First Day Back At School In Chicago Following Closures Brings Headaches To Families And Teachers
The first day of school is usually an exciting time for families. Parents experience the pride of their child advancing to the next grade, and kids get to show off their new school supplies and, you know, learn.
Monday in Chicago, the first day of school is playing out a little differently. Students from the 47 schools shut down earlier this summer are now dispersed to 287 different schools across the city. Thousands of teachers and staff were also recently laid off, making the first day of school this year overcrowded and overwhelming. More than 30,000 children are being affected by these closures, either directly or indirectly.
The 12,000 displaced students were designated to a "welcoming" school. To encourage a smooth transition between the two schools and ease any tension among the communities, Chicago Public Schools hosted hundreds of “cultural integration events” such as bowling parties and field days before school started.
To no one's surprise there have been quite a few bumps on the road. Reportedly, around 2,200 students have not enrolled in the designated welcoming schools. Some moved to different districts, while others enrolled at charter schools. A handful of students in 40 of the 47 closed schools still have not enrolled anywhere. According to numbers obtained through an open records request, "As of last Thursday, 118 students at King Elementary in the Tri-Taylor neighborhood still had not registered for school anywhere."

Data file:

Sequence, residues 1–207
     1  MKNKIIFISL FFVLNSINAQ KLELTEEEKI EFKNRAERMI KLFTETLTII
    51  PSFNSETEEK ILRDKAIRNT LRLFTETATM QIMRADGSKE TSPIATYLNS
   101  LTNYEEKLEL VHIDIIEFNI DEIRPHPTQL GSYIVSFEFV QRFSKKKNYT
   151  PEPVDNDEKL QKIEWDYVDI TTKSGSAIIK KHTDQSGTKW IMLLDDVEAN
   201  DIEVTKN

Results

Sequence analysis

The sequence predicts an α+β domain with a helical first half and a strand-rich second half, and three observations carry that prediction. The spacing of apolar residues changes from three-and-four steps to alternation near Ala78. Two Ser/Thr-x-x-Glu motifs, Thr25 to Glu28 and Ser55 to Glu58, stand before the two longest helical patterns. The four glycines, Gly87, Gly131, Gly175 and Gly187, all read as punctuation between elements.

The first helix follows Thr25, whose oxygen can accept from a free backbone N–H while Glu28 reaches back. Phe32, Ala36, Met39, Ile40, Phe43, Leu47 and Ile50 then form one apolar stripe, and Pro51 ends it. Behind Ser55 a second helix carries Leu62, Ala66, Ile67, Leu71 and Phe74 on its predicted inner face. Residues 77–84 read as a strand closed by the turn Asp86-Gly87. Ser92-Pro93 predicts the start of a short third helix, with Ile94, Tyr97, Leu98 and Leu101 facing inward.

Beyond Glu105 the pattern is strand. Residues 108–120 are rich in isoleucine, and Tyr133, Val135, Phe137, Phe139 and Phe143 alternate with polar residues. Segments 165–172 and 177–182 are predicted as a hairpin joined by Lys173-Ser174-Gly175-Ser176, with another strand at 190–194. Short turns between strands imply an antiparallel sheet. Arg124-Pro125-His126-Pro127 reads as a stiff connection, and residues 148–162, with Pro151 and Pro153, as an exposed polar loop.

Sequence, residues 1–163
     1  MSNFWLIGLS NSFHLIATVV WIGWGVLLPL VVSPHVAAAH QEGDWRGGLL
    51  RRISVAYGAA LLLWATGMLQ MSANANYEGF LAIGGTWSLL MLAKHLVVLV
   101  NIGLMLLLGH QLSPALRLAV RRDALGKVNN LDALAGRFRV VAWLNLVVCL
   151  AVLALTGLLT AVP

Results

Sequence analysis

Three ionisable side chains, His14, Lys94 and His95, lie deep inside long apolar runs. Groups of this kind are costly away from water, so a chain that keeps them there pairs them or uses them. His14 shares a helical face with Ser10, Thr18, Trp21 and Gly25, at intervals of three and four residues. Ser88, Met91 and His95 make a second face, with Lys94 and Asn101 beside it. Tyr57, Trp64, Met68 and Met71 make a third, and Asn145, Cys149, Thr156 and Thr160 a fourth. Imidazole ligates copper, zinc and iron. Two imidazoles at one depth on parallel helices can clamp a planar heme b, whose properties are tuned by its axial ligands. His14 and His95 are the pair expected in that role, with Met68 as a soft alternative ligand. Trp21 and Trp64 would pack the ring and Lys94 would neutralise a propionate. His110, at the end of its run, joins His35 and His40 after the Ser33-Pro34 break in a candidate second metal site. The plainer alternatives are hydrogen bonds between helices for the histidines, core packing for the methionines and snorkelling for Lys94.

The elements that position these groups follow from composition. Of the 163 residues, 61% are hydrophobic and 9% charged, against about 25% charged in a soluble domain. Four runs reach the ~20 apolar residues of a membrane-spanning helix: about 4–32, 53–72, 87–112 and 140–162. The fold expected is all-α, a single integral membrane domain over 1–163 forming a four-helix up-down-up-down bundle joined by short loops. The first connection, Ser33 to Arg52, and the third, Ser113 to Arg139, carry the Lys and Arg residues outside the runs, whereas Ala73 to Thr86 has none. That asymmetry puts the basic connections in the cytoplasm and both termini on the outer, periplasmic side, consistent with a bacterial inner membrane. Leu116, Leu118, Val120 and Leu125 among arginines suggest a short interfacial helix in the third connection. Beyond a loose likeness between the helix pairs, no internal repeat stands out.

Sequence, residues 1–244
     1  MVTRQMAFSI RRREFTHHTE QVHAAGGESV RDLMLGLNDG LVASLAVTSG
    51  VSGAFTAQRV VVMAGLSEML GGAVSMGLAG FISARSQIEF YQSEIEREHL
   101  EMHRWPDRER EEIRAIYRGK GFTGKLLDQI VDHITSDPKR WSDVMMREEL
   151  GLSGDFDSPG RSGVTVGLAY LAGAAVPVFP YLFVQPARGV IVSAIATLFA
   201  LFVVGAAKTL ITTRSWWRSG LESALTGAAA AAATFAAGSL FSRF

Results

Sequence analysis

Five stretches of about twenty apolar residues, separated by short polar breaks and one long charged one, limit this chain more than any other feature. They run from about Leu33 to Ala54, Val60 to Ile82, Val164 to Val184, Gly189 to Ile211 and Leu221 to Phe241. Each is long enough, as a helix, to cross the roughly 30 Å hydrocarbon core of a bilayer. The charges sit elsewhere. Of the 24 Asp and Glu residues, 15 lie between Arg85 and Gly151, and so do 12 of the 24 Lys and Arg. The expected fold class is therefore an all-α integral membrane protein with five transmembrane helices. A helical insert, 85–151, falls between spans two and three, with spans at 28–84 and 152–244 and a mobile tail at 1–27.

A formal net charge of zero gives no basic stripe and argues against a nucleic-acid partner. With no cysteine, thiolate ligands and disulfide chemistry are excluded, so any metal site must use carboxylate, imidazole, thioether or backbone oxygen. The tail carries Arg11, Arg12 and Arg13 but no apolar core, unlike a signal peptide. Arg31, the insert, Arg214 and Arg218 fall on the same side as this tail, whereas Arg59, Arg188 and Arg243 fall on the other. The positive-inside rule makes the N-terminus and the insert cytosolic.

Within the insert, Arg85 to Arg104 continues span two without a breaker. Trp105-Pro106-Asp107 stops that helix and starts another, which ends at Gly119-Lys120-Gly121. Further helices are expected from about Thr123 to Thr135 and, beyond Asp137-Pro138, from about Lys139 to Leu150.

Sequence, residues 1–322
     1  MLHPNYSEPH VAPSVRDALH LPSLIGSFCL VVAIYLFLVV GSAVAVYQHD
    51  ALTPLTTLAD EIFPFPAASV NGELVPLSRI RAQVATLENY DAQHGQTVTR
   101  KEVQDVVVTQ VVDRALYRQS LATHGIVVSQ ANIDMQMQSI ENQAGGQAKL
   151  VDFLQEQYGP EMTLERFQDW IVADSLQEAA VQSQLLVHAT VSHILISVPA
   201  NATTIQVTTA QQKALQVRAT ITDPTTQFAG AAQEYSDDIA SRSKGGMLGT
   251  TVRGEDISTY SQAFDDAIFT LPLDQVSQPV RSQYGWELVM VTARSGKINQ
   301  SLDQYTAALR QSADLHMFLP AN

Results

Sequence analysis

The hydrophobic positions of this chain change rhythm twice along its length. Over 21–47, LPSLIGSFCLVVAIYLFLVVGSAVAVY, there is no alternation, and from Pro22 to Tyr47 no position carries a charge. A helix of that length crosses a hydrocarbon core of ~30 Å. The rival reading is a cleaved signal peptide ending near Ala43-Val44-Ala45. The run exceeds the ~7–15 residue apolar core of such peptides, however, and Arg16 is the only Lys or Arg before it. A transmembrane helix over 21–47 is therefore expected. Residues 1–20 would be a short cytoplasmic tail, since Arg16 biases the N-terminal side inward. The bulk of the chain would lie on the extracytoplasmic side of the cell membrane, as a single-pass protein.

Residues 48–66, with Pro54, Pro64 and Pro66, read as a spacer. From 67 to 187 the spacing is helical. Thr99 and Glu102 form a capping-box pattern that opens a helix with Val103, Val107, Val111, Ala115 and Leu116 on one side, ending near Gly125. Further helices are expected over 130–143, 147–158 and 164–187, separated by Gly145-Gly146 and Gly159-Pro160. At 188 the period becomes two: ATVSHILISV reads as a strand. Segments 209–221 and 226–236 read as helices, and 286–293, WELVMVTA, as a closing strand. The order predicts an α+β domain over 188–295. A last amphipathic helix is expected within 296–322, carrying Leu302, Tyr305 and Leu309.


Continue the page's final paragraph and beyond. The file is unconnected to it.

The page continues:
Also to no one's surprise, the closings are mainly affect Latino and African-American neighborhoods. "Parents and union leaders have protested, saying more children will have to cross gang territorial lines, leaving them potentially exposed to violence in a city that recorded 506 homicides in 2012."
Chicago Public Schools hired 1,200 "safe passage" workers to staff and ensure the school routes are safe for children. There were two homicides this summer along the safe-school routes.
The controversial school closings and massive layoffs are meant to curb the projected $1 billion deficit in the city in 2014.